John 14:2

“In my Father’s house are many rooms. If it were not so, would I have told you that I go to prepare a place for you?-John 14:2

The disciples were filled with confusion and fear. These restless young men had made a life with him. He was their stabilizing force and their solid rock. In response to their disorientation, Jesus offered a calming presence. After telling them not to be afraid, he said that his Father’s house is filled with many rooms. He wanted him to know that they would always have a place with him.

As a child, I remember hearing this verse and thinking that Jesus and the Father lived in a huge mansion and I wondered where it was located. I focused on the incidentals rather than the main thing. What does the mansion look like? How big will my room be? Will I have to share my room? How far down the hall will God be? How about my friends and family?

I still think a lot about incidentals. I wonder who will I meet in heaven and whether there will be bacon. Even as an adult, I miss the point. Heaven is not about what, but who, is there. In heaven, our greatest gift will be dwelling with the Trinity forever.

When Jesus told the disciples that his Father’s house had many rooms and that he was going to prepare a place, he wasn’t talking about making up the beds. He wanted them to feel secure in their belonging with him.

In the depth of our souls, many of us harbor fears that we don’t belong anywhere. We go through our lives wearing different masks, trying to cast the right image so that we might fit in, but just like the disciples, Jesus looks at each of us and says, “Don’t worry. You belong.”

Jesus, if I am honest, I fear rejection, abandonment, and having no place to call home. I fear not belonging. Help me to know the truth that one day, I will dwell with you in your kingdom and that right now, your Spirit dwells in me. Amen.

John 13:37-38

Peter said to him, “Lord, why can I not follow you now? I will lay down my life for you.” Jesus answered, “Will you lay down your life for me? Truly, truly I say to you, the rooster will not crow three times till you have denied me three times.”–John 13:37-38

When I read Peter’s words here, I wonder what was stirring in his soul. The first thing I imagine was fear. Peter was afraid of losing his best friend. He was confused because he did not know exactly what was happening, so he asked Jesus if he could come along. They’d been through a lot together. Peter gave three years of his life to following this man, his closest ally. He offered a courageous response to suggest that he would never leave Jesus’s side.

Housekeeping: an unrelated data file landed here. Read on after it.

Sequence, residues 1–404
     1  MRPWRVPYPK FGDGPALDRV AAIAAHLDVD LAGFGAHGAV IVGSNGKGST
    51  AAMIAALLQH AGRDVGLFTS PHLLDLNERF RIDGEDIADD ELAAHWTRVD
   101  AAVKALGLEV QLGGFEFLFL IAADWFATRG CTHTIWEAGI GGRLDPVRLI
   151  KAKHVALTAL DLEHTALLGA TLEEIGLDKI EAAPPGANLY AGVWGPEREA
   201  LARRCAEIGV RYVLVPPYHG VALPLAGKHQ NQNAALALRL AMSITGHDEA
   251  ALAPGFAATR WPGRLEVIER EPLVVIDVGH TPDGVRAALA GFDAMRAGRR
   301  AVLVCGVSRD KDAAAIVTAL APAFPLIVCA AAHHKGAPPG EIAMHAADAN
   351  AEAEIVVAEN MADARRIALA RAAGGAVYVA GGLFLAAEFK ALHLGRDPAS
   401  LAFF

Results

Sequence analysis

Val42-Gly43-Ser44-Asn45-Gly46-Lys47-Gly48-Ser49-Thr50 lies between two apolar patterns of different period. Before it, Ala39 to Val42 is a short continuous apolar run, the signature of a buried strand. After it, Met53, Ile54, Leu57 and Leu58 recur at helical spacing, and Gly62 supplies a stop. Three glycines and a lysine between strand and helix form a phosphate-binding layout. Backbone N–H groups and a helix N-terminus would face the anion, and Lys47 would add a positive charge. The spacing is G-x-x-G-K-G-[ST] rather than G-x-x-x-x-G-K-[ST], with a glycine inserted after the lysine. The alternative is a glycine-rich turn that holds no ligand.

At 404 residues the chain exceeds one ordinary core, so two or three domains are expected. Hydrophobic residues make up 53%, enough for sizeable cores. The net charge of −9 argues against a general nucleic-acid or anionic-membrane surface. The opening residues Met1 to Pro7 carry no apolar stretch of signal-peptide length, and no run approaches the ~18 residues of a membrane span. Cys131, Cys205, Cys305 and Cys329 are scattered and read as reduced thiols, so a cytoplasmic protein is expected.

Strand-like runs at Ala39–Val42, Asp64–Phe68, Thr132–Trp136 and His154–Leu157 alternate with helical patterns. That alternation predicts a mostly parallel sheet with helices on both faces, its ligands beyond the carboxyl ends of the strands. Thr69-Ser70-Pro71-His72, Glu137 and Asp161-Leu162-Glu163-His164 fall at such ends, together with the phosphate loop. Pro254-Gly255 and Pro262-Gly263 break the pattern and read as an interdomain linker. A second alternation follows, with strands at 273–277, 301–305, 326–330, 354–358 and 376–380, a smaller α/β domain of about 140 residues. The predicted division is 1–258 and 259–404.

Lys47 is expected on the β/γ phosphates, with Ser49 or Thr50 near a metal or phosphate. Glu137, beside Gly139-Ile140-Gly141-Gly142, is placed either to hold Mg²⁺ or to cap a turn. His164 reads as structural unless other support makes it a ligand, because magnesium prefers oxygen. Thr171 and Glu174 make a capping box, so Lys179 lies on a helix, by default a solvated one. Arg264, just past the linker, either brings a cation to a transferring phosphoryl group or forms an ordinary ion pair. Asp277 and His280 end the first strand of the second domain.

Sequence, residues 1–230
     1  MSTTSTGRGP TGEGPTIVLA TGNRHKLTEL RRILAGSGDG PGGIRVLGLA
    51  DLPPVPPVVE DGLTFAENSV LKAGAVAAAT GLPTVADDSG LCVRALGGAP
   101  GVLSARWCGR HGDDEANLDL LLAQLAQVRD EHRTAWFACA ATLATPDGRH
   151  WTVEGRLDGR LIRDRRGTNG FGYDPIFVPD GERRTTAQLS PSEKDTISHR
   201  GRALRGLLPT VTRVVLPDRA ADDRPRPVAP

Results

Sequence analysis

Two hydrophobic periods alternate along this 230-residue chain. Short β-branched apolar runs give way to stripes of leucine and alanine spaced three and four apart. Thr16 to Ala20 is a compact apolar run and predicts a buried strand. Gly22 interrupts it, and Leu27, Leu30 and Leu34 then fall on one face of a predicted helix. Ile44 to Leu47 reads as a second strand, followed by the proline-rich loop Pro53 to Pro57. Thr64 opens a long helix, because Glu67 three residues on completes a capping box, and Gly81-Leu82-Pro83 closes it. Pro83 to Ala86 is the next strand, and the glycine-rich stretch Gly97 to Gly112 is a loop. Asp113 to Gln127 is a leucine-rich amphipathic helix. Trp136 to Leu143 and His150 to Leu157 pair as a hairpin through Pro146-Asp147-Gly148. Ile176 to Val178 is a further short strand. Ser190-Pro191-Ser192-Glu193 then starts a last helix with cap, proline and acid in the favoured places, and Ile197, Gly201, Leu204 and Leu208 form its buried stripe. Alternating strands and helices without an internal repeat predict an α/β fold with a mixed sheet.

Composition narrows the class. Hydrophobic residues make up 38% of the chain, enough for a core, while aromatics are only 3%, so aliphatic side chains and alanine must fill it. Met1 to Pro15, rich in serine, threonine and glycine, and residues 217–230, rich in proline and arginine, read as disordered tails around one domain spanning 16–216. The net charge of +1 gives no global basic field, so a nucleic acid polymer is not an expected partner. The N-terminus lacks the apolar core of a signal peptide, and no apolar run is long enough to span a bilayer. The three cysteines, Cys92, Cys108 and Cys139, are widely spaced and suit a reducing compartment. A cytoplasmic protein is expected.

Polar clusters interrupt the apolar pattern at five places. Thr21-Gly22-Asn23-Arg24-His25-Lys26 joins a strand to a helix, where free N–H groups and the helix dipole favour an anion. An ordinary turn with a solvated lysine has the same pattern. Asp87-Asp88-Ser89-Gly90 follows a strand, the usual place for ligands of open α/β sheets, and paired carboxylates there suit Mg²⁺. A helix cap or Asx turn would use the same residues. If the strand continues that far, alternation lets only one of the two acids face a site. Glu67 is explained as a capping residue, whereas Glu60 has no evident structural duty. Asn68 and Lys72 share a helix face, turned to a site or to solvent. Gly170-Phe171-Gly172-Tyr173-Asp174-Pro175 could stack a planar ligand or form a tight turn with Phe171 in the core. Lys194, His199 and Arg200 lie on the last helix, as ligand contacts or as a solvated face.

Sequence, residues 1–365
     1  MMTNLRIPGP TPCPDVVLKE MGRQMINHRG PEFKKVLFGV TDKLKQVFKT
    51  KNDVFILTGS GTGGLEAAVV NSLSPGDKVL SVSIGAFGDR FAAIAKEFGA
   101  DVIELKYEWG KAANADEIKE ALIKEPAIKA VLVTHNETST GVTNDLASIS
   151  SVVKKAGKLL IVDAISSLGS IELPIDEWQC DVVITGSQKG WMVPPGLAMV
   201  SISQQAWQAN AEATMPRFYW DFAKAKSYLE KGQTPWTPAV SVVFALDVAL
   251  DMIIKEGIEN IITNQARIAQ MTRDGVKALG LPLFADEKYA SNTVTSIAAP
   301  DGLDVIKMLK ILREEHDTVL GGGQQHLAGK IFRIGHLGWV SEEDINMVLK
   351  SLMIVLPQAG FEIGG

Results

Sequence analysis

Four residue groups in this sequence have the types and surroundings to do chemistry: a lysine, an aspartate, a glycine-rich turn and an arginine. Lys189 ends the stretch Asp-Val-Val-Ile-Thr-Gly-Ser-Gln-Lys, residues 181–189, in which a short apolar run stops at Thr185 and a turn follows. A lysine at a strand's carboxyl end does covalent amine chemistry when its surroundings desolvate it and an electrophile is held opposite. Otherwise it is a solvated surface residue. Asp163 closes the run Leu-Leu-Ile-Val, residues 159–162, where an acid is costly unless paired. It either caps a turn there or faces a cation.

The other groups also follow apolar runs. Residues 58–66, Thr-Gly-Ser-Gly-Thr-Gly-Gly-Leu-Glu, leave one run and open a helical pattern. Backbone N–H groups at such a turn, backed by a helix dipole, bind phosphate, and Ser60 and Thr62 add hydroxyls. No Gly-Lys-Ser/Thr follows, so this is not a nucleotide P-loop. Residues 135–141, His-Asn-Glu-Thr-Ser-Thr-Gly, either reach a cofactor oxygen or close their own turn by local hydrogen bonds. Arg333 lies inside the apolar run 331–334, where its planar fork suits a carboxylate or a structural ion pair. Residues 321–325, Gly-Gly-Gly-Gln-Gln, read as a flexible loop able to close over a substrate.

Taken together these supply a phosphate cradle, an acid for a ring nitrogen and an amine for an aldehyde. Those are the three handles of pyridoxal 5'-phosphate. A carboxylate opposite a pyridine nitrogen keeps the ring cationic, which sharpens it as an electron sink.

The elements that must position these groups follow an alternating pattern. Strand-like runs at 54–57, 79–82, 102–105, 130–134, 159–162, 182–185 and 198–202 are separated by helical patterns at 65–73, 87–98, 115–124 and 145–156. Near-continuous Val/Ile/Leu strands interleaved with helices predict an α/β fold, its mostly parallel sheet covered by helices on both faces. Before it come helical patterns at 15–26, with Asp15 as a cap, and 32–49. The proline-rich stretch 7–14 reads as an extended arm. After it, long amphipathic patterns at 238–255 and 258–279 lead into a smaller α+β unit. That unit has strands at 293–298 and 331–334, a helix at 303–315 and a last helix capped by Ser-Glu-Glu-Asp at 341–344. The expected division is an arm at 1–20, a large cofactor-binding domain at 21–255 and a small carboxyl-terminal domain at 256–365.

“I will lay down my life for you.” Was this irony? Divine foreshadowing? Peter was saying that he was willing to die for Jesus, which was the only thing he could not do. He needed Jesus to lay down his life for him. It was only Jesus—perfect in life and perfect in death—who was able to truly lay down his life for another. It says in 2 Corinthians 5:21 that “He became sin, who knew no sin, so that in him, we might become the righteousness of God.”

But Jesus did not simply tell Peter, “No, you cannot come.” He told him that by morning, Peter would deny him three times. Peter was his most loyal disciple and one of his dearest friends, yet he was still a human who was susceptible to human frailties and inconsistencies.

Like Peter despite our greatest intentions, we lack the capacity to love perfectly. We are fickle, fragile, frail creatures, yet thanks be to God, we are loved by the one who has no shadow of inconsistency.

Prayer
Jesus, I am like Peter. I confidently promise to give my life wholly to your cause, and yet I can barely make it past breakfast before I have denied you three times. Forgive my frailty and let me lean once again upon your Spirit, who dwells in me. Amen.

John 13:36

Simon Peter said to him, “Lord, where are you going?” Jesus answered him, “Where I am going, you cannot follow me now, but you will follow me afterward.” -John 13:36

Jesus had given his disciples his crucial command, to love as he loved. He wanted them to practice love after he left. Peter was not trying work out the nuances of Jesus’s command; he was worried about where his friend was going. Peter could not have cared less about theology at the moment, he cared that his friend was leaving. Jesus was not an abstract concept to Peter; he was flesh and blood. Jesus was Peter’s best friend.

Without giving away the next several hours completely, Jesus told Peter, “I have to go this alone my friend. As hard as it is to understand, I must go by myself.” Like Peter, I think we can miss the importance of isolation to Jesus’s mission. He would go to the cross feeling isolated from his friends and his Father. As excruciating as the cross was physically, the relational isolation would be far worse.

Jesus also knew that Peter would spend his life for the sake of the kingdom, not yet, but after. Jesus called his followers to come after him regardless of what pain the journey would bring. For some, it was martyrdom; for some it was rejection.

We each must grapple with the interplay between right understanding and right relationship. It can be good for us to understand theological nuances, but we cannot dissociate theology from our relationship with him.

Prayer
Jesus, your words in John’s gospel are so powerful. You called us to lives of love with your words, yet by your life and death, you also showed us how to love. Help us to listen to you and love like you. Amen.